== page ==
For starters, the think tank calls to "eliminate climate-related programs" and calls for cutting funds for rules to curtail greenhouse gases from vehicles and power plants, two marquee Obama administration regulations. The blueprint also suggests eliminating the greenhouse gas reporting program and climate research funding.
The Heritage Foundation says that Congress — not EPA — should decide whether carbon dioxide should be regulated or considered in permit reviews. The budget blueprint also disputes the scientific consensus that humans are the driving force behind climate change.
"While carbon dioxide and other greenhouse gas emissions may have contributed in some capacity to climate variations, the available climate data do not indicate that the earth is heading toward catastrophic warming with dire consequences for human health and public welfare, nor do the data indicate that the dominant driving force behind climate change is human-induced greenhouse gas emissions," the outline says.
Enforcement programs could also see cuts at Trump's EPA. The Heritage Foundation outline would slash the civil enforcement budget by 30 percent. "EPA engages in unnecessary and excessive legal actions," it says.
EPA's civil rights programs would also be scaled back under the Heritage proposal, and EPA's environmental justice programs would be eliminated entirely. "The EPA often applies the law to prevent job-creating businesses from developing in low-income communities, thus blocking the very economic opportunity that the communities need," the Heritage Foundation said.
Several DOE offices would be eliminated entirely under the Heritage blueprint.
Those include energy efficiency and renewable programs, a nascent-technology investment shop, and other efforts some conservatives say inappropriately promote certain energy sources over others.
The DOE Office of Energy Efficiency and Renewable Energy is among those slashed in the Heritage proposal.
Funding research and development for technologies like wind, energy and biofuels "is not an investment in basic research, but outright commercialization," according to the Heritage Foundation.
Efforts to cut that program or any DOE offices are sure to run up against opposition from agency staff and outside stakeholders with an interest in keeping those initiatives churning.
During his confirmation hearing this month, Trump's DOE nominee Rick Perry said he couldn't confirm reports that transition aides sought to slash DOE research funding and eliminate offices tied to renewable and fossil energy research (Greenwire, Jan. 19).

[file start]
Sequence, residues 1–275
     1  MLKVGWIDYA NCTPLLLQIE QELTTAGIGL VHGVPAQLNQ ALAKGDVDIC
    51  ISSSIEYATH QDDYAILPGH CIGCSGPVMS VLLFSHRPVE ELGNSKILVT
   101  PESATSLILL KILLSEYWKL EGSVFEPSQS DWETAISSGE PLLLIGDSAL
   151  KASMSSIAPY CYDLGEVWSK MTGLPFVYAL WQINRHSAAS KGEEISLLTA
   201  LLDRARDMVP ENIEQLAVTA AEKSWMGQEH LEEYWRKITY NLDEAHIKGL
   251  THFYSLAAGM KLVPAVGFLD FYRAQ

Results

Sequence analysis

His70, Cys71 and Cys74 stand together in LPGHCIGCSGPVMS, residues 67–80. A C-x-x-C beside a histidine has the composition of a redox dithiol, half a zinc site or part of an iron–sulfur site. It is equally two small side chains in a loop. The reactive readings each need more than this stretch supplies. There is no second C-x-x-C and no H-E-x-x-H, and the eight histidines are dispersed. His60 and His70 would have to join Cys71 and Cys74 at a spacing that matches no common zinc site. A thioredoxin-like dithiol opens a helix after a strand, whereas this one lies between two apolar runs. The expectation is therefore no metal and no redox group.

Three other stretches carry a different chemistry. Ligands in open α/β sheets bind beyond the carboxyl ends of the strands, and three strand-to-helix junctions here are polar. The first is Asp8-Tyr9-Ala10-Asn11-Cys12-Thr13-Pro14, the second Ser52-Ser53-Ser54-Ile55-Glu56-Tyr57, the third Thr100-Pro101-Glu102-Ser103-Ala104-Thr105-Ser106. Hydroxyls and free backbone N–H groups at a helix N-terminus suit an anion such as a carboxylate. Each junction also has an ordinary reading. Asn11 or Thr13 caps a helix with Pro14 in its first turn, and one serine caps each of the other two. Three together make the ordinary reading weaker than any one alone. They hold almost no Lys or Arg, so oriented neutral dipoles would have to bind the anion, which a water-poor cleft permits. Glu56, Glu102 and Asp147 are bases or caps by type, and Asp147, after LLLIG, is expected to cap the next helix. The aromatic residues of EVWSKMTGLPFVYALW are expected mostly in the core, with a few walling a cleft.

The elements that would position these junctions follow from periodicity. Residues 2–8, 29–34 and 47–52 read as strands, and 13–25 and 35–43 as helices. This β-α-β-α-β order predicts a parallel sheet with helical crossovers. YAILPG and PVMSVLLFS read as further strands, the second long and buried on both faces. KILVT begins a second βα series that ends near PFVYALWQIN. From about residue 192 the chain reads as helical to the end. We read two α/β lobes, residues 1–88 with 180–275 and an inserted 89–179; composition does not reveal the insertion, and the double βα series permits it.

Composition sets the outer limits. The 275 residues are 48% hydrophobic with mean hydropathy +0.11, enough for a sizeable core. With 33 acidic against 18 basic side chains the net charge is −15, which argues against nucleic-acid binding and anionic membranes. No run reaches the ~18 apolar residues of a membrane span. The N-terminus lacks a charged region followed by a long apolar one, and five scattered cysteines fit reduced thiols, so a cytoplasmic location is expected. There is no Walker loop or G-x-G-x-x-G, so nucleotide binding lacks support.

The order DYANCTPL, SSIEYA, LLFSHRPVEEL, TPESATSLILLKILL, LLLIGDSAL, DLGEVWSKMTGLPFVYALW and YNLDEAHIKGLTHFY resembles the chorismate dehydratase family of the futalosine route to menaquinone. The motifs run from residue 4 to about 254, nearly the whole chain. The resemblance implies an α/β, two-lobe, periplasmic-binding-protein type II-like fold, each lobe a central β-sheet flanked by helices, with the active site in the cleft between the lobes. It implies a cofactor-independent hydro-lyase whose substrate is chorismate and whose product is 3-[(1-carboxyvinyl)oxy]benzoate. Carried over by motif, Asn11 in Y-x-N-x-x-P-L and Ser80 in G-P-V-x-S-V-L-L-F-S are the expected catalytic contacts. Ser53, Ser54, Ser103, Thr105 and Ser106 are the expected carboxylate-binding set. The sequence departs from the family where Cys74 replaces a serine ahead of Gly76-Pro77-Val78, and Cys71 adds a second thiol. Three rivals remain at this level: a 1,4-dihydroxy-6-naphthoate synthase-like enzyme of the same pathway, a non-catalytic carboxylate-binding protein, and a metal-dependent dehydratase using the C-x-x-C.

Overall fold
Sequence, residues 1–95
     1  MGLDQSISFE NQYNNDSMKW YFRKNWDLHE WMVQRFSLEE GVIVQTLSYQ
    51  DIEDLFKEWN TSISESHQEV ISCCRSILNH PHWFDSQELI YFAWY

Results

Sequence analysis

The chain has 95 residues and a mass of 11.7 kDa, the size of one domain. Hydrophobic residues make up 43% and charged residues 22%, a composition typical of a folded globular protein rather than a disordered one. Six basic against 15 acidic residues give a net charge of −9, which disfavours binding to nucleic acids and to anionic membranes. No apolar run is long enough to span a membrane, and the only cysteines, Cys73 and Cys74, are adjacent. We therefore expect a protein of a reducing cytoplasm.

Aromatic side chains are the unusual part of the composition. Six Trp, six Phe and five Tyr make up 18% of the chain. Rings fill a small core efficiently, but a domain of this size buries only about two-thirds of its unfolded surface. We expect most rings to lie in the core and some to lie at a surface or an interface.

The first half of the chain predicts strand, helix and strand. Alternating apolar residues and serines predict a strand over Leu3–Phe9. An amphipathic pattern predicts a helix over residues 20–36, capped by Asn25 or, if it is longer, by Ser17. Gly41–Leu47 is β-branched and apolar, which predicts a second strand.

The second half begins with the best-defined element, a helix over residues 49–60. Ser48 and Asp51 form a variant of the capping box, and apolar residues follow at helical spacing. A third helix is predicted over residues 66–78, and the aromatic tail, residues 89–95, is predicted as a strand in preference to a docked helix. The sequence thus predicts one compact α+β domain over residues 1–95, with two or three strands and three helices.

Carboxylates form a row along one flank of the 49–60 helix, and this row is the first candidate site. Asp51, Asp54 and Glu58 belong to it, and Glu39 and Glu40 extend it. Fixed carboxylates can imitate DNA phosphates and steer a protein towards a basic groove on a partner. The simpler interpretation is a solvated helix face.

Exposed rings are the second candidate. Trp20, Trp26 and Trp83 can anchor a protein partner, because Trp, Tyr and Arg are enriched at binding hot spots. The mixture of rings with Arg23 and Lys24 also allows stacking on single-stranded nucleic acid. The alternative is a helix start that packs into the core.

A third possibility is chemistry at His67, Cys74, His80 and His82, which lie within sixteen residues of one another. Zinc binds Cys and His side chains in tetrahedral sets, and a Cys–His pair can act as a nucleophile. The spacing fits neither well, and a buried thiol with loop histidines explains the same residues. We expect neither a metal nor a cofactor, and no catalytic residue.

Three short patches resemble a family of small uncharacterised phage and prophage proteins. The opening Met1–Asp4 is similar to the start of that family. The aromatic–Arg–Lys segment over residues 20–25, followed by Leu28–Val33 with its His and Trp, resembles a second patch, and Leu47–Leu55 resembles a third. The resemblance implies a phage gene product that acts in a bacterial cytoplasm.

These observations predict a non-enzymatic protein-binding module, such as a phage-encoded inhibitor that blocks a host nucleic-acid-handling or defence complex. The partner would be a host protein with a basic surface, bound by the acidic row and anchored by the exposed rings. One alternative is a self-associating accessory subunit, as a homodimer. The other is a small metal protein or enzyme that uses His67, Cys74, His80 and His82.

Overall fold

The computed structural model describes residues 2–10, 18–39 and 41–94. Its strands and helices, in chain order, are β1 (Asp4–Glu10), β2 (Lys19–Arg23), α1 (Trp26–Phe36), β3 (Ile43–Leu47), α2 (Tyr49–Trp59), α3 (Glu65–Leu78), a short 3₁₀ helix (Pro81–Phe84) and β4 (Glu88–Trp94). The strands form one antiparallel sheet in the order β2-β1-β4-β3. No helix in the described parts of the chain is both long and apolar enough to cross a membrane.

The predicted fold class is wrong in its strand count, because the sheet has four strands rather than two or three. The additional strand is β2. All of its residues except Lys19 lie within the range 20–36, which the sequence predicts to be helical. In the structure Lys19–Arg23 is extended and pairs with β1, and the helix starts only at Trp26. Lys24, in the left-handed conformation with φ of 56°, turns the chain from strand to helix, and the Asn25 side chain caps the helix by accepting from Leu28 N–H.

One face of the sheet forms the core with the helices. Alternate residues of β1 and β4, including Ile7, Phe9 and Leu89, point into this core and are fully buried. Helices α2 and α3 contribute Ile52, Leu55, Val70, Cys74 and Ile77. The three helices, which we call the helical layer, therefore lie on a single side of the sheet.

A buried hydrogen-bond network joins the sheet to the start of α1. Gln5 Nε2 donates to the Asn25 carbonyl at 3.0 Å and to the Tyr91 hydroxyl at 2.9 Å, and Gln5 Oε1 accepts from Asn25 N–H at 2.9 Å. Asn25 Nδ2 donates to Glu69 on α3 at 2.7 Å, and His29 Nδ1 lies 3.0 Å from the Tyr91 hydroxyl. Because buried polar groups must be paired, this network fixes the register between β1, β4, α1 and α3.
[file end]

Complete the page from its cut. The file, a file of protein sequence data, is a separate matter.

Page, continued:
Also on the chopping block in the Heritage outline are DOE's Advanced Research Projects Agency-Energy (ARPA-E) office, DOE's energy innovation hubs and the DOE Office of Fossil Energy.
The Heritage budget would prevent the net addition of new public lands to the federal portfolio and would rev up energy production on existing federal properties.
"Congress should open all federal waters and all non-wilderness, non-federal-monument lands to exploration and production of America's natural resources," the outline says.
The Heritage Foundation would prohibit a net increase in public lands, noting that the "federal estate is massive," and "federal ownership and federal regulation of public lands restrict economic activity, and, in many instances, have created environmental problems due to mismanaged lands and lack of a proper incentive structure to maintain the properties."
Another potential target for cuts: the Land and Water Conservation Fund. That fund, which uses royalties from offshore energy development to purchase land for parks and recreation areas, has come under fire from conservative Republicans. The Heritage Foundation says it should expire permanently. "Rather than placing more decisions under Washington's control, Congress should empower the states and local communities to protect their environments, maximize the value of the land, and create new opportunities for economic development," the budget outline says.
An effort to target the LWCF could see opposition from Interior Secretary-designee Ryan Zinke, whose support for the program has won him accolades from Democrats and environmentalists.